On-boarding employees is a huge responsibility. To set yourself, your business and your employees up for success, ensure that you are equipped with the essential skills and knowledge and be consistent in your approach and finally, always remember your position within the business.

17 Oct

Be accountable

Moliere said that, It is not only what we do, but also what we do not do, for which we are accountable. This really resonated with me as I’ve been reflecting for the past couple of days on accountability, and how it can positively or negatively influence your business.

What does that it actually mean to be accountable and what does being accountable look like in today’s business world?

People’s definitions of what accountability is will vary, depending on who they are and where their focuses lie. I have a fairly “old-fashioned” view of personal accountability. When I look at doing business with someone I look at how accountable they are to themselves, their potential and existing customers, and their own businesses. It’s not necessarily the big things that I always look at, but its the small things that matter sometimes.

Accountability rule #1:  Commit to what you say you will do –  So many people are so busy being busy, that one of the first things to fall off the accountability wagon is the ability to follow through on tasks. Remember that your business, which includes you, is constantly on stage and in the public arena for all to see. Your actions or lack of actions show your customers and potential customers how you operate. In order to send the right message such as “Im dependable and not a flake” and to build the right reputation, focus on being accountable for the small things in your business. Answer your emails, follow up on enquiries, return phone calls and arrive at meetings on time. Honestly, it doesn’t take a rocket scientist to do that! This doesn’t just show that you are accountable and dependable but it also shows respect and how serious you are about your business.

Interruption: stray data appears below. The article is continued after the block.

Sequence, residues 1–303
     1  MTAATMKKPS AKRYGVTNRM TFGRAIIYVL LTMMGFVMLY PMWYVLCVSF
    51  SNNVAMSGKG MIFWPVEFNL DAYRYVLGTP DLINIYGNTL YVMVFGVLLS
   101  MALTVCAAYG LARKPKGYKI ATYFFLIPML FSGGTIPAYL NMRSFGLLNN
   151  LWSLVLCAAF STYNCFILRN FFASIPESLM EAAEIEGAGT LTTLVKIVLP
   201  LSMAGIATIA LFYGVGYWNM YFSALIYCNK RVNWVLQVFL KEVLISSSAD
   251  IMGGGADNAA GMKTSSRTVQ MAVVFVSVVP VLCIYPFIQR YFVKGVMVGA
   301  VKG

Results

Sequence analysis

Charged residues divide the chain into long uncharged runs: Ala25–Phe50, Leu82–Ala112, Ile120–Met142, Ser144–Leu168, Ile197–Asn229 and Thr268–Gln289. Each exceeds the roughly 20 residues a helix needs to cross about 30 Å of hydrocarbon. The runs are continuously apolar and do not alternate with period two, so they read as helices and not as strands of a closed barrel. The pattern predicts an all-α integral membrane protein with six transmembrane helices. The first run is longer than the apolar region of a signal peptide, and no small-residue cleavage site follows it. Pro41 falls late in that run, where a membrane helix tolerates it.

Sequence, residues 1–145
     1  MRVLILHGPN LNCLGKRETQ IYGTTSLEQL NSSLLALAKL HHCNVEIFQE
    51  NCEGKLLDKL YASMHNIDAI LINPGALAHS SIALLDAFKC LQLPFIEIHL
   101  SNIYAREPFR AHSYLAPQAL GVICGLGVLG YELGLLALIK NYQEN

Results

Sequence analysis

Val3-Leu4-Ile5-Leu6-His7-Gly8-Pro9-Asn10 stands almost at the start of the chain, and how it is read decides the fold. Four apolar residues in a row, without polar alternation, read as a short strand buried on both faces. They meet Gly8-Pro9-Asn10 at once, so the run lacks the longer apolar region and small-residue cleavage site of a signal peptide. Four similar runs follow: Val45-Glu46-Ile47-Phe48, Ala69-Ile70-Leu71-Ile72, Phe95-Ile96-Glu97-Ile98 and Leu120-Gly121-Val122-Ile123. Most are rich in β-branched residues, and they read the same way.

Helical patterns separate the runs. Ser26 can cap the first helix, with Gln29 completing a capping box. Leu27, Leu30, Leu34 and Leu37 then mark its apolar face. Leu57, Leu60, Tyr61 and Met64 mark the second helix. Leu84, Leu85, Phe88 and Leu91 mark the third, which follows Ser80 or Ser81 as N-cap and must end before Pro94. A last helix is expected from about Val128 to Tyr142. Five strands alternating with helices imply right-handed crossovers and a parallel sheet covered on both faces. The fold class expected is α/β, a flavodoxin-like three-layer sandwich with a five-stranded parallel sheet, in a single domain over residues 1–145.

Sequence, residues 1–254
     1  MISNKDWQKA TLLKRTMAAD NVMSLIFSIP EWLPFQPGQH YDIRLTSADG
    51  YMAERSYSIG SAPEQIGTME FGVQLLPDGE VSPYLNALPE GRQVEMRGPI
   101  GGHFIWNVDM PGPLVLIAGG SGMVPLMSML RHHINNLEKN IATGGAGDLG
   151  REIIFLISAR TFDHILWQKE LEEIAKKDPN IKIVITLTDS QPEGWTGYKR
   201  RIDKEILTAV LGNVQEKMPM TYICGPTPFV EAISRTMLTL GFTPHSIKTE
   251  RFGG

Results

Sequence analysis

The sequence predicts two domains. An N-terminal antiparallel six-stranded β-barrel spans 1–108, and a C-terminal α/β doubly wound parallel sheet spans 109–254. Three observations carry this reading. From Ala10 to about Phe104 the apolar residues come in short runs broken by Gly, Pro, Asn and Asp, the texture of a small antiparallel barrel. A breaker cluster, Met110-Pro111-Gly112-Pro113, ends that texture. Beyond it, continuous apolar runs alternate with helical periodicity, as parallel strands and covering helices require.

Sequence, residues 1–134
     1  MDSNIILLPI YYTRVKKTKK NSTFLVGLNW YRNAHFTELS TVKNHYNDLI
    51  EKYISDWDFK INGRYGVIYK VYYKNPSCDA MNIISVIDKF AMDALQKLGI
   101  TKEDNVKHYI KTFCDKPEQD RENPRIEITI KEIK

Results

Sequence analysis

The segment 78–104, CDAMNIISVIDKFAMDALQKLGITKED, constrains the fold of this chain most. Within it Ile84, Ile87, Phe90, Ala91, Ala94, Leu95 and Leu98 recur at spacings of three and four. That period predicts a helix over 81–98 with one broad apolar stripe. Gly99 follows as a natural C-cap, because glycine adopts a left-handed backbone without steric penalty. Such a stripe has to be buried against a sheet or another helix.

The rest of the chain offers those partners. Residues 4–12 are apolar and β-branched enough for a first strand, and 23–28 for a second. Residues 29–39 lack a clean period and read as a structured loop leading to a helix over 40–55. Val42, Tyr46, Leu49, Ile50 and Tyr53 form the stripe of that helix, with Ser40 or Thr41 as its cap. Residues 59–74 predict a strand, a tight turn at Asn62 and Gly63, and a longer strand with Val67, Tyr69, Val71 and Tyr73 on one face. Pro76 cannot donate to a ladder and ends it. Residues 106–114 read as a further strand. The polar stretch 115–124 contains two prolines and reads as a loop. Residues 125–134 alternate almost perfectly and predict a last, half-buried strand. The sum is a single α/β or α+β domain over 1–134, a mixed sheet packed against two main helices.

Accountability rule #2: Accept the consequences for your actions –  When you make an excuse for not completing a task you need to accept the consequences, big or small. Making excuses doesn’t miraculously remove the consequence, your accountability, or the inconvenience for the other party. Therefore if you cannot deliver on a project, don’t just arrive with an excuse and think you are off the hook. Be accountable and be the first person to offer a solution.

In the business world, your customer doesn’t really care about your issues. They don’t want to hear your excuses. They just want their product or service delivered to them at the right time at the right price and in the right condition.